The Occupy Movement succeeded early in seizing a media narrative, a feat that public-relations experts know is hardly easy to achieve. These professionals should be impressed by the ability of the movement to get its message across, right? Well, that’s the real problem, according to PR Daily. They don’t have one — and the media coverage is exposing the ugliness in the vacuum of a message (via Instapundit):
Dorothy Crenshaw, CEO and creative director of Crenshaw Communications, praised OWS’s canny cultivation of the media and public sympathy. Mayor Michael Bloomberg’s evacuation of Zuccotti Park seems to have strengthened the movement, she suggests. But she sees risks in the protesters’ tactics of shutting down streets and subway stations.
She adds: “If they start to disrupt the commute or work schedule of so-called ‘regular people’—part of that huge 99 percent who are just trying to get through the workday and earn a living—I think they risk losing the very group that should be most sympathetic.”
The movement’s PR efforts drew derision from Fraser P. Seitel, managing partner of Emerald Partners and author of The Practice of Public Relations. OWS, he says, has “botched an opportunity to capture public opinion and achieve something. Americans, by every measure, distrust the politicians who run Washington and lead major institutions. So public opinion was ripe for the plucking.”
However, the movement blew it by having no overriding purpose, stated goals, or visible leadership, he says, and it is increasingly perceived as a bunch of publicity-hungry complainers intent on disrupting others who are making a living.
“Occupy Wall Street is right about one thing,” he says. “The whole world is watching. And it’s generally repulsed by what it’s seen.”
That sounds like a fair description, doesn’t it? In Oakland, they threatened workers at the docks and succeeded in shutting down commerce not for the 1% but for 100% of the people who depend on the port. They also went on a vandalism spree that didn’t even spare their corporate lackeys. In New York, the Occupiers tried to disrupt the New York Stock Exchange, where where 70% of Americans have investments through direct purchases or retirement accounts.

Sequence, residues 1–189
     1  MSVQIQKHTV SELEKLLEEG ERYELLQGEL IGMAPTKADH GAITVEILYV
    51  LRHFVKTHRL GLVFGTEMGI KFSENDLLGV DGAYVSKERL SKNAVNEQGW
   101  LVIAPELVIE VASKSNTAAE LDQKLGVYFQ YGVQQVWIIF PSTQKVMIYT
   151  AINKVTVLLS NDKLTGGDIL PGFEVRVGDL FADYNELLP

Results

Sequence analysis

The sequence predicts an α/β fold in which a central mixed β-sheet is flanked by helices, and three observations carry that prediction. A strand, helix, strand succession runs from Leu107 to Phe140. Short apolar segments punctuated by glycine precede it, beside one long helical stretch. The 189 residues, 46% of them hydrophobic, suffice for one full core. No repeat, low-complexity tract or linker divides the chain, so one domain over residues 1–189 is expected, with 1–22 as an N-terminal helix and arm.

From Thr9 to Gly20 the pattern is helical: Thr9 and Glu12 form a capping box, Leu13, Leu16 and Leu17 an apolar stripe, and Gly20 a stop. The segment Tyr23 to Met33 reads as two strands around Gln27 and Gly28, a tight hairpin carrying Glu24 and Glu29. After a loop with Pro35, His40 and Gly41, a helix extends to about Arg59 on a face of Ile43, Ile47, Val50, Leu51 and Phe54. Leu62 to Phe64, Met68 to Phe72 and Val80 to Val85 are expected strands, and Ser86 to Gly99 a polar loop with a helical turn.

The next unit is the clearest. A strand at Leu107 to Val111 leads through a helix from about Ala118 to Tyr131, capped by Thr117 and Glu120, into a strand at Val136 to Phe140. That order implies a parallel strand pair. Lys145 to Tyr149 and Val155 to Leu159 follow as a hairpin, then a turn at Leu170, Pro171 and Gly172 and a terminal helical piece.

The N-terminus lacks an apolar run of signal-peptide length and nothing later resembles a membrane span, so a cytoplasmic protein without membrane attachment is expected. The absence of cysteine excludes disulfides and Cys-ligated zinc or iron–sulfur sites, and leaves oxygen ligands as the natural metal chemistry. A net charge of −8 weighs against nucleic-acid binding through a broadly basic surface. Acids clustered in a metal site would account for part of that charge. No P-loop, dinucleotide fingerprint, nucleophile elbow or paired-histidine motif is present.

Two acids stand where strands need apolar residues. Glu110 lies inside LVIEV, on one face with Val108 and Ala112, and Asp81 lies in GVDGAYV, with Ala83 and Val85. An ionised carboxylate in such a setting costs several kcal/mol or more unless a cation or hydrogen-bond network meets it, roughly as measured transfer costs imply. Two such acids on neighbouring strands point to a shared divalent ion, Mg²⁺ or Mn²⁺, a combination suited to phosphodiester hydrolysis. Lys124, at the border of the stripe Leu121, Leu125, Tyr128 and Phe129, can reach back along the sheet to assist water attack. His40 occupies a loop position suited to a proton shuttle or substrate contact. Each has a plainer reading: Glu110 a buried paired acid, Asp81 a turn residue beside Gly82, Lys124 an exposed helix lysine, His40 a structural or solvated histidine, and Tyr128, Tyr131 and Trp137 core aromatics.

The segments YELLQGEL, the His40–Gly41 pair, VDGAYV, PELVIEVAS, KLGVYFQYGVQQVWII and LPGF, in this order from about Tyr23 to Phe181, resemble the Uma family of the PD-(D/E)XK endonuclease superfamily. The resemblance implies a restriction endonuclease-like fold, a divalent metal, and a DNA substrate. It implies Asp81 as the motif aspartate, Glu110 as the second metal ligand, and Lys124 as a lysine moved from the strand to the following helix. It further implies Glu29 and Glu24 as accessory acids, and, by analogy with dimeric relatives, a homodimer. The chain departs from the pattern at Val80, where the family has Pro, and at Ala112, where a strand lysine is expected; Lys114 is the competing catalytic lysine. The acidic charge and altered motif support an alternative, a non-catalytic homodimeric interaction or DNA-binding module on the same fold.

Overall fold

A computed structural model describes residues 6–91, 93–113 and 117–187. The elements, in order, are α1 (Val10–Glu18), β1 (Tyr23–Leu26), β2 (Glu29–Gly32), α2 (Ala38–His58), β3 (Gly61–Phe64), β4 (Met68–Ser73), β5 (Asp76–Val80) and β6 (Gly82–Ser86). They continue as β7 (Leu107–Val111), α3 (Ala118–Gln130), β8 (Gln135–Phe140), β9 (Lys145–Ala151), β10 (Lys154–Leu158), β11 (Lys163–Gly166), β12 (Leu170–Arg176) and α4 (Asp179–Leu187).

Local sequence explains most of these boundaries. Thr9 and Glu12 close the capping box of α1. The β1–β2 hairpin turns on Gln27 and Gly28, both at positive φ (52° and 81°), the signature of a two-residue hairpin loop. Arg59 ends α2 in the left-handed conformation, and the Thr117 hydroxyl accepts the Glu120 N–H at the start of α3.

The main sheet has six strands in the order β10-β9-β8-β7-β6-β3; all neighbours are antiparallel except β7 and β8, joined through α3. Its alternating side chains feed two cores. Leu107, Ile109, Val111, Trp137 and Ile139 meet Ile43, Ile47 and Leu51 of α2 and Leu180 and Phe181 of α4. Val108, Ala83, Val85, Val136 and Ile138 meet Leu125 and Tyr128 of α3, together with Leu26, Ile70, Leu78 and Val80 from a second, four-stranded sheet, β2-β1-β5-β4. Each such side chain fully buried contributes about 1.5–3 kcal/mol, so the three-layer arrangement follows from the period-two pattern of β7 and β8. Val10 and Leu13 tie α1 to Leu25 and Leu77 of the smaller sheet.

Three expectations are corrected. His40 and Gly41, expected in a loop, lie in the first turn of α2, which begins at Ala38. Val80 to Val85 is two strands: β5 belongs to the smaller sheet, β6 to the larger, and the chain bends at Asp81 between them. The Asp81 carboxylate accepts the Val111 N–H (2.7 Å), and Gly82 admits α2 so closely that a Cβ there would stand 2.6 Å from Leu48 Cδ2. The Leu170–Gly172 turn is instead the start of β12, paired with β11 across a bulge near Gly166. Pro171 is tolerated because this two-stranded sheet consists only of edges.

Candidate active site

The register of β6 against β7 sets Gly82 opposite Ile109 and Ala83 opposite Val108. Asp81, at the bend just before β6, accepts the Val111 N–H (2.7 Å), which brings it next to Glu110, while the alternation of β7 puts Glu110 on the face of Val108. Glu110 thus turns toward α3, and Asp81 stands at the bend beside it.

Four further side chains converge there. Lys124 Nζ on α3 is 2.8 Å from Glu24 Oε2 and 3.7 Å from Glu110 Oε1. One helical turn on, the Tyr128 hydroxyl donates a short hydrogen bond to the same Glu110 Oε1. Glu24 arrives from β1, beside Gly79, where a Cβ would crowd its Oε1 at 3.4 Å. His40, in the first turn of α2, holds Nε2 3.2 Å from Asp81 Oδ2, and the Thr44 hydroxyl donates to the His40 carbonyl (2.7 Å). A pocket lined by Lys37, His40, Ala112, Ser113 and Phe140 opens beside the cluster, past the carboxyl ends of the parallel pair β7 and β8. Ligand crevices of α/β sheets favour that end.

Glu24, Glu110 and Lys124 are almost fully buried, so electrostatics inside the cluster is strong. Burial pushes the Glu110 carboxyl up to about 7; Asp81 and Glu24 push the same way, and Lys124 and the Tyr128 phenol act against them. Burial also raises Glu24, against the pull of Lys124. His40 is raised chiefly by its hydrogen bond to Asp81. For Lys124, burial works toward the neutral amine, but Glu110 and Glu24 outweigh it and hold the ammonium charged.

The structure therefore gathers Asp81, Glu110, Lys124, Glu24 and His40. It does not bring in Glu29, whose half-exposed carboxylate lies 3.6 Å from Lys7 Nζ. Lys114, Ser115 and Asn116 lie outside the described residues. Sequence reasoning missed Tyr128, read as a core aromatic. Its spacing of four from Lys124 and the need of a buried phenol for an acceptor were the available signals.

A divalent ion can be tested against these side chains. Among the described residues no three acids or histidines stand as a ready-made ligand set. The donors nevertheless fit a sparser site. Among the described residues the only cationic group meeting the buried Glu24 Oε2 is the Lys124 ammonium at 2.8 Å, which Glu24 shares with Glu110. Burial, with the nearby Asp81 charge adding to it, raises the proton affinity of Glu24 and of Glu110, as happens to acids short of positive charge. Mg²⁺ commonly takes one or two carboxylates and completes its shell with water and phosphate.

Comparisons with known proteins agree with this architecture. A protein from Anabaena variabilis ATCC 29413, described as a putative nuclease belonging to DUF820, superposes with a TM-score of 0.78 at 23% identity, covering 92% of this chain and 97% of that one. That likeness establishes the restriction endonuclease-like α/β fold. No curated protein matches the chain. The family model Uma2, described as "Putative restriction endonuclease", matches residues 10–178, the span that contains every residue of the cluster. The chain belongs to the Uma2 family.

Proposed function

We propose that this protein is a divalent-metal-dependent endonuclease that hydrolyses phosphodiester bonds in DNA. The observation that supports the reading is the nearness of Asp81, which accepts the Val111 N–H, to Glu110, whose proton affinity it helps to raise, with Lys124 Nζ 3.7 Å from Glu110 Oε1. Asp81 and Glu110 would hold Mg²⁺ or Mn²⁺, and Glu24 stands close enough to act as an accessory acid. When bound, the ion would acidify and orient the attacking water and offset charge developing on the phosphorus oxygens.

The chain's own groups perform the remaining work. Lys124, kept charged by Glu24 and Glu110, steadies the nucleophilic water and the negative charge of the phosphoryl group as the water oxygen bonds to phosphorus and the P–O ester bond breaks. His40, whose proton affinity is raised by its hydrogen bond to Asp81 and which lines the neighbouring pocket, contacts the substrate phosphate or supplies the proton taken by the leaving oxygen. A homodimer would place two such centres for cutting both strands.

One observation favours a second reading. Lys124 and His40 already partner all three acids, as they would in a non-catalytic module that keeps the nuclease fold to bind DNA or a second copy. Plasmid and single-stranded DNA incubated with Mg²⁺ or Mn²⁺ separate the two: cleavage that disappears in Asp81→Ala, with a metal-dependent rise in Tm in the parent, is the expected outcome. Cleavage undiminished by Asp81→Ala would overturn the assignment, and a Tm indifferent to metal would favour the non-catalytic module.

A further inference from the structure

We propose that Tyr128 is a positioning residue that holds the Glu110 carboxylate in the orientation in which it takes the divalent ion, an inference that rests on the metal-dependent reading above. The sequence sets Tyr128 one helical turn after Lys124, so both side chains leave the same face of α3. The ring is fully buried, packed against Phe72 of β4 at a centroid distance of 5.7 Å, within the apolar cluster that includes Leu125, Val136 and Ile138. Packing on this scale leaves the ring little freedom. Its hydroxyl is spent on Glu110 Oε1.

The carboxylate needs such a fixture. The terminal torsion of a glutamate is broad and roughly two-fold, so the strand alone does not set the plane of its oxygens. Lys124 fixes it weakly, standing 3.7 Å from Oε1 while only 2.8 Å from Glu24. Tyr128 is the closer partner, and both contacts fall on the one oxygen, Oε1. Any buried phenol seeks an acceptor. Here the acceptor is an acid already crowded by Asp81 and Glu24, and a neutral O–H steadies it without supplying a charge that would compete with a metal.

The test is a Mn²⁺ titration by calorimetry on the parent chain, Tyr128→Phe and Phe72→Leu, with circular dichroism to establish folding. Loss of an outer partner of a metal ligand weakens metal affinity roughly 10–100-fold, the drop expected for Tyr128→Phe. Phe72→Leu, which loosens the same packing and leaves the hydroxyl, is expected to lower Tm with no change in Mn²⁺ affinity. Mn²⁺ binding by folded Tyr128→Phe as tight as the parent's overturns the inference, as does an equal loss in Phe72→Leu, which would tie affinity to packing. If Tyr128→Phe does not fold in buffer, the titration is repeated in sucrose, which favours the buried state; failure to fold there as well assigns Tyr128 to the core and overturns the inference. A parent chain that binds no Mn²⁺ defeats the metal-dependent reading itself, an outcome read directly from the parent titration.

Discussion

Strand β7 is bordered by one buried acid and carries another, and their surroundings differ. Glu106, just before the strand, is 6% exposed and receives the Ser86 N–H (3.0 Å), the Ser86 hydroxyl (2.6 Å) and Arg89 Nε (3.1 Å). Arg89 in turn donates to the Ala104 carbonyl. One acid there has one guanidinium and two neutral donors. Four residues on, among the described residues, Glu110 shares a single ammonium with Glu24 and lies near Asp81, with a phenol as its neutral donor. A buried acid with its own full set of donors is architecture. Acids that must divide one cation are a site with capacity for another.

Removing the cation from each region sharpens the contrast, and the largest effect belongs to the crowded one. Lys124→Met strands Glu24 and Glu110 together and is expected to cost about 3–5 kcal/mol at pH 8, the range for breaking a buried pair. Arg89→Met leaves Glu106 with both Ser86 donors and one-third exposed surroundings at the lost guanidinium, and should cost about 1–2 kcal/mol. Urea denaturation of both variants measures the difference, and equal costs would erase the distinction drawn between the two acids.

And did they seriously think that disrupting the subways would bother the 1%? I’ve been on the subways in the Big Apple, and I’m pretty sure that wasn’t the Upper Crust riding along with me. Whose bright idea was that? Probably the same person who announced that shutting down Wall Street was their big goal, an aspiration from which they had to walk back significantly by the end of the day:
Organized weeks ago, the so-called day of action came two days after the police cleared the Occupy Wall Street encampment from Zuccotti Park in Manhattan in an early morning raid. After the protesters were ousted from the park that had become their de facto headquarters, a judge agreed that they could return later that day, albeit without their camping gear. They looked to Thursday to gauge the support and mettle that the movement had retained.
“We failed to close the stock exchange, but we took back our park,” said Adam Farooqui, 25, of Queens. “That was a real victory.”
Er, right. They had already been allowed back in the park; they cannot camp there overnight, however, and the police will eject anyone who pitches a tent in Zuccotti Park. Some OWS protesters yesterday complained that they were not being allowed out of the park, where police bottled them up in order to keep the streets clear. Their “real victory” was apparently the status quo ante, which qualifies as spin — and spin that’s not impressing the experts at all.
Steven Crowder is here to help, however. He put together a montage of Occupy’s Greatest Hits, and I bet the PR firms can really do something with this. Don’t call them, babe, they’ll call you. Maybe they’ll do a lunch with you, but only if they’ve had their shots first.